Way back in 2014, I wrote a couple of speculative articles on Roles in Final Cut Pro X.
In the first article entitled ROLES, I detailed the challenge of organization in the current FCP 10.1 timeline, and how I thought Roles could provide a solution to the lack of traditional Tracks.
In the second article ROLES REDUX I went more in depth with Roles as an organizational tool- how they function and what improvements could be made to make assigning Roles faster and easier.
SMASH CUT! to two years later. In October of 2016 Apple released Final Cut Pro 10.3- which along with a host of features and improvements, also added this feature—
Needless to say I was surprised and delighted. As the old saying goes, “Great minds think alike”; or in this case it would probably be more apt to say, “Lesser minds like mine occasionally stumble onto ideas that greater minds have already thought of”. I’ll take what I can get!
Using 10.3 since it's release, I’m struck at how solid and well thought out Apple’s implementation is. Apple has really fulfilled the promise in the power of Roles on a lot of fronts.
Assigning Roles is easier across the board. Roles can now be assigned at the Import stage, and Apple have even added the ability to directly access iXML metadata from Audio Recorders , a feature only available previously via 3rd party apps like Sync-N-Link X. If you don’t have the benefit of on-set Role metadata, you can now assign Roles to individual or multiple selected clips in the Inspector. You also have access to assigning Subroles to individual Audio Components, which wasn’t possible without jumping thru some serious hoops in earlier versions of the application, or via round-tripping via the aforementioned Sync-N-Link X or Role-O-Matic by Charile Austin. Finally, Roles can be reassigned directly in the Project window, though there are some necessary restrictions on Audio Component reassignment for Sync, Compound, and Multicam Clips. But overall this is a MASSIVE improvement in workflow.
And as for Magnetic Timeline 2? What can I say? All the power of the Final Cut Pro’s Magnetic Timeline, now with customizable organization structure. For a long time I fought with people who could not imagine the concept of audio organization without traditional Tracks. But once again we see that Final Cut Pro’s deeply embedded metadata foundations are the solution for long held analogue concepts. As I theorized back in 2014- if Smart Collections were the smarter, better answer to traditional bins; then Roles provides us with an infinitely superior and more fluid way to organize audio in the timeline, while at the same time retaining all the flexibility and "Picture First" ideology of the trackless timeline. Let’s take a look at how an edit from the show CANADA CREW (first edited in 10.2) looks when updated to 10.3.
Organization is not just possible now, but automatic and fluid. Properly tagged audio instantly arranges itself by Role/Subrole in the Project timeline. The new Audio Lanes can be arranged at will via the Timeline Index, allowing you to seamlessly re-arrange your audio landscape.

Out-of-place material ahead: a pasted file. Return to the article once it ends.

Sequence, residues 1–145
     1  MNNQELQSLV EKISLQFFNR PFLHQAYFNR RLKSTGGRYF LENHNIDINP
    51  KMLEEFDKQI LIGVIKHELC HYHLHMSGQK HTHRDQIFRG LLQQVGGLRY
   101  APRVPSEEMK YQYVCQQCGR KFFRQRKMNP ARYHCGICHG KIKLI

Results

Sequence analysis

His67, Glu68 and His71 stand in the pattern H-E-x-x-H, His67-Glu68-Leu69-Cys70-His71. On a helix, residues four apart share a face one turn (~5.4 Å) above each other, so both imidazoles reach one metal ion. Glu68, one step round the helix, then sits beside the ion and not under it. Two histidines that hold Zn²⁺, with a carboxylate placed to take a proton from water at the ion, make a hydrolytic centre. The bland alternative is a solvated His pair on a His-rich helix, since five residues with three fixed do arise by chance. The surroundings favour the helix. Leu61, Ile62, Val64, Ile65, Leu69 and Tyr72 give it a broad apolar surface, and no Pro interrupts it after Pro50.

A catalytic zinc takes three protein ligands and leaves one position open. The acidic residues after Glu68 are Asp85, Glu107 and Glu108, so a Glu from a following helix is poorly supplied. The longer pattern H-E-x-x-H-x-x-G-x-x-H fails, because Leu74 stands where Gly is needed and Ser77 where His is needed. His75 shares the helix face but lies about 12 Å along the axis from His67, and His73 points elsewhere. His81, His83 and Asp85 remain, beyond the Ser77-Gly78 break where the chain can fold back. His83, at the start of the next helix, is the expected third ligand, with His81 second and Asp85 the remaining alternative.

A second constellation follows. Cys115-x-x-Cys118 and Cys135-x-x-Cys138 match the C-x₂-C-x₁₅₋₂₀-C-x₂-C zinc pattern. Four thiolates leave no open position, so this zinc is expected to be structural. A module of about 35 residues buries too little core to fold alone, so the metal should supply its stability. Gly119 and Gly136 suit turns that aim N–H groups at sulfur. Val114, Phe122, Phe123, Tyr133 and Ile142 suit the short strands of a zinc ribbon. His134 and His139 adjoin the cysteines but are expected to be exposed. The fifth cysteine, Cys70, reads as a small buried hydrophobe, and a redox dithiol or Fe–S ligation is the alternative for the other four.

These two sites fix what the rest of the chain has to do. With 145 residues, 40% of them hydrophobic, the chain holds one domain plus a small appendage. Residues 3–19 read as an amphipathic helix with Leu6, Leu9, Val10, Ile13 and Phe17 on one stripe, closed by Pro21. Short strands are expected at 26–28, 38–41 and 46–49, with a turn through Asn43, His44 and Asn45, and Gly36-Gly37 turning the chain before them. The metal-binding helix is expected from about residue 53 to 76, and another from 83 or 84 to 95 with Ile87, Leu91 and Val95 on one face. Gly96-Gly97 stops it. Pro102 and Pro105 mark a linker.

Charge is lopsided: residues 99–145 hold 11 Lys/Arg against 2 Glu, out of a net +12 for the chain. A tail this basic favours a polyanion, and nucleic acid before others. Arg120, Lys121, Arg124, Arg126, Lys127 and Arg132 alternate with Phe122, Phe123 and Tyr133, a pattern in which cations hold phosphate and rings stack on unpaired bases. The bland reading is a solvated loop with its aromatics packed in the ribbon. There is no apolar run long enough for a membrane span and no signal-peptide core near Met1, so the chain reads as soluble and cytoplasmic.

Additionally, Role Focusing allows you to quickly minimize all but the selected Role, so you can concentrate on the audio elements that are important, while not loosing track of the bigger picture.
Next, Apple has created a new Roles HUD, which allows you to create, delete, name, rename, and combine Roles. And the great thing is, changes made here propagate Library wide- clip instances in both the Event Browser AND those already in edited Projects.
Finally, Roles now have customizable colours, making the elements of your audio soundscape clearly definable and easy to navigate.
And all these improvements come with a very welcome UI overhaul, which flattens and simplifies the interface, putting the emphasis on the content, and bringing Final Cut Pro in line with Apple’s current design aesthetic.
Whew! Well, now that that’s done, I guess we can all sit back and be happy forever, right?
Ok, who am I kidding…?
When I wrote that first article, there were two aspect of Final Cut Pro that I thought Roles would be key to solving. First: organization. Second: improved audio mixing. Enter:
One of the bigger changes to Final Cut Pro 10.3 was a fundamental restructuring of how Container Clips handle audio. Container clips include Compound Clips, Sync Clips and Multicam Clips- basically any kind of clip which is made up of other audio and video clips. If you Compound Clip a Project, instead of a simple stereo or surround mix-down, you now have access to Mixdowns of all the Roles in Compound Clip- Apple calls these "Role Components". Further, an option in the Inspector allows you to drill down even further to view individual Subroles. This gives you the ability to add audioFX and level adjustments to elements at the Subrole, Role, AND Master Mix level. This is really powerful and reveals just how much work has gone on behind the scenes from an audio standpoint.